Estimating Diabetes prevalence in Turkey in 2025, using a modelling approach

This paper comes from Kaan Sözmen, Belgin Unal, Simon Capewell, Julia Critchley and Martin O'Flaherty from the MedCHAMPS team. They used Turkish data from the Turkish national census, the Turkish National Institute, and from several studies of smoking and obesity trends (TURDEP-I, TURDEP-II & TEKHARF-1990) to produce projections in type II diabetes using a Markov model.  This model projects the prevalence and the number of people in Turkey who may be diagnosed with type II diabetes by 2025.

Having developed this model, they then used "what-if" scenarios to examine how relative reductions in obesity and the level of smoking would alter these predictions. The “what if” scenarios used were targets set by the WHO and the Turkish Ministry of Health.

Prevalence of type 2 diabetes and obesity were both projected to rise substantially in Turkey. Both obesity and type 2 diabetes were projected at to increase more in women than in men.



  • The projected type II DM prevalence for Turkey was 31.5% (16,134,941 people), 55% of whom were women.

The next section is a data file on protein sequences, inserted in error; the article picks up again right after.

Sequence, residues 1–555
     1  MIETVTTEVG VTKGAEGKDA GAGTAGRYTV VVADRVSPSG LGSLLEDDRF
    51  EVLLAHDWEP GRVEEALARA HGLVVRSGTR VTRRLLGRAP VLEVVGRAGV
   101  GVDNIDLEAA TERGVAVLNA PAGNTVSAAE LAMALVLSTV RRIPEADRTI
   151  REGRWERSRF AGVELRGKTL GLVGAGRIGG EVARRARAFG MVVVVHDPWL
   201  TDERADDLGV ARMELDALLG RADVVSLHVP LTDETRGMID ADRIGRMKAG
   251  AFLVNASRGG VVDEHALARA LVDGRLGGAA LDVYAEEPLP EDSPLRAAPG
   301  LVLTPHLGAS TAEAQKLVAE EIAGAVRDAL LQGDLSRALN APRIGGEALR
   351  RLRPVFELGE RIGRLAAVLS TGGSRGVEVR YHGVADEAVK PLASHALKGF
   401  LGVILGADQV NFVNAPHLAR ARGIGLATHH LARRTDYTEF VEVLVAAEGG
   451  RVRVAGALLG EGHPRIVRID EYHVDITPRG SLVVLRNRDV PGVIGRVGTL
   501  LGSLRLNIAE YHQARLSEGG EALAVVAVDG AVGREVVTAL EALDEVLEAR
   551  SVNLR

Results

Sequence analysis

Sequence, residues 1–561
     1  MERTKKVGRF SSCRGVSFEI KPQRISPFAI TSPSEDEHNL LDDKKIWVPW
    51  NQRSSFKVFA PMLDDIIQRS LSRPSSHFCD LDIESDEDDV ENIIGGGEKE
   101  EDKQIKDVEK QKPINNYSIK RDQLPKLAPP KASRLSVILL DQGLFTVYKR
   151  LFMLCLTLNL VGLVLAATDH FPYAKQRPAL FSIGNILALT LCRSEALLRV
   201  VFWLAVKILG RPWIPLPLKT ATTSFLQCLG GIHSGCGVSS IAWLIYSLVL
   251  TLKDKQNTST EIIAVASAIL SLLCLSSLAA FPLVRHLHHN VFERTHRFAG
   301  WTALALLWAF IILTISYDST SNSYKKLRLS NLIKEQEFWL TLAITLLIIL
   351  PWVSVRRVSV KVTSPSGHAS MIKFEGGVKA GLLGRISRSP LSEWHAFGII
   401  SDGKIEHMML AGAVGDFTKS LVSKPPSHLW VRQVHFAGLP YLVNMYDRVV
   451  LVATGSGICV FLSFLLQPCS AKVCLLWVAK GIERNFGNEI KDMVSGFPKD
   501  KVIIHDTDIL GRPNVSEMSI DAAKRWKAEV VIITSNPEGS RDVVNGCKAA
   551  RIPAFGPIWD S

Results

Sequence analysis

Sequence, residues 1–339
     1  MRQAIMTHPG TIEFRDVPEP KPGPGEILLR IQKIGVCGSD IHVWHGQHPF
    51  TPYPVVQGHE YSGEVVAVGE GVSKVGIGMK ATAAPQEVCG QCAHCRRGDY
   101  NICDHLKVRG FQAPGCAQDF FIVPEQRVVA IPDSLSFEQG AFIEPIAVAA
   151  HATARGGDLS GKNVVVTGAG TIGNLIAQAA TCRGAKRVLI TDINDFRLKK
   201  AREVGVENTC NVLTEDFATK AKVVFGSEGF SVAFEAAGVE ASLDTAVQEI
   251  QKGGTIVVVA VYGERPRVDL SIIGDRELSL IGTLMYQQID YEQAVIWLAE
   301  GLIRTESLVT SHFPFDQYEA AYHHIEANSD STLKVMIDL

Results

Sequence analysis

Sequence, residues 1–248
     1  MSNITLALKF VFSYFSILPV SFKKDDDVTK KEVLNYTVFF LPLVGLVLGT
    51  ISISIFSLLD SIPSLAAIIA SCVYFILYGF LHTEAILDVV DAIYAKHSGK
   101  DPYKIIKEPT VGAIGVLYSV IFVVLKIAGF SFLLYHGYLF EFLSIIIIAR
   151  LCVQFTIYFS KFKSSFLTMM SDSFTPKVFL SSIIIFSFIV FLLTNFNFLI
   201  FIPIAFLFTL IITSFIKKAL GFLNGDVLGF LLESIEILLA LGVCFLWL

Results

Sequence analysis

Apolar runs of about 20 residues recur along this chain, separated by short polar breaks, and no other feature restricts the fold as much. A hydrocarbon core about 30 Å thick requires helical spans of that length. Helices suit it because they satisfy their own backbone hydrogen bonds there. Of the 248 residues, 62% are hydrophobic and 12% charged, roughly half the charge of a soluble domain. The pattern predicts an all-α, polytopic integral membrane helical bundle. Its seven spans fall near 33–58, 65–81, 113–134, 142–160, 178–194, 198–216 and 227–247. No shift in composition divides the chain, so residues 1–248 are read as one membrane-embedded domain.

• Reducing relative obesity prevalence by 5% in 5 years would reduce this prevalence by 12.3%, giving a reduction of 1,997,451 T2DM cases.
  • Halting the rise in obesity would reduce prevalence by 7.6%, amounting to 1,217,648 T2DM cases.
  • Combining a halt in the rise of obesity with a 40% reduction in smoking was projected to result in a 7.9% reduction in prevalence, with a reduction of 1,252,923 cases.
  • A 10% reduction in obesity  and 40% reduction in smoking prevalence was projected to reduce T2DM prevalence by 12.6%, with 2,034,635 fewer T2DM cases.
  • A 10% reduction in the relative rate of obesity and 20% relative reduction in smoking prevalence could reduce prevalence by 10.5%, with 1,655,213 fewer T2DM cases.



The writers note that reductions in the prevalence of obesity may be difficult to achieve, and halting the rise in obesity would be more realistic, allowing for a higher long term target. Interventions to reduce smoking and obesity prevalence should take a population wide approach rather than be carried out on an individual basis.

Please have a look at the paper:

Sözmen K, Unal B, Capewell S, Critchley J, O'Flaherty M. Estimating diabetes prevalence in Turkey in 2025 with and without possible interventions to reduce obesity and smoking prevalence, using a modelling approach. International Journal of Public Health. 2014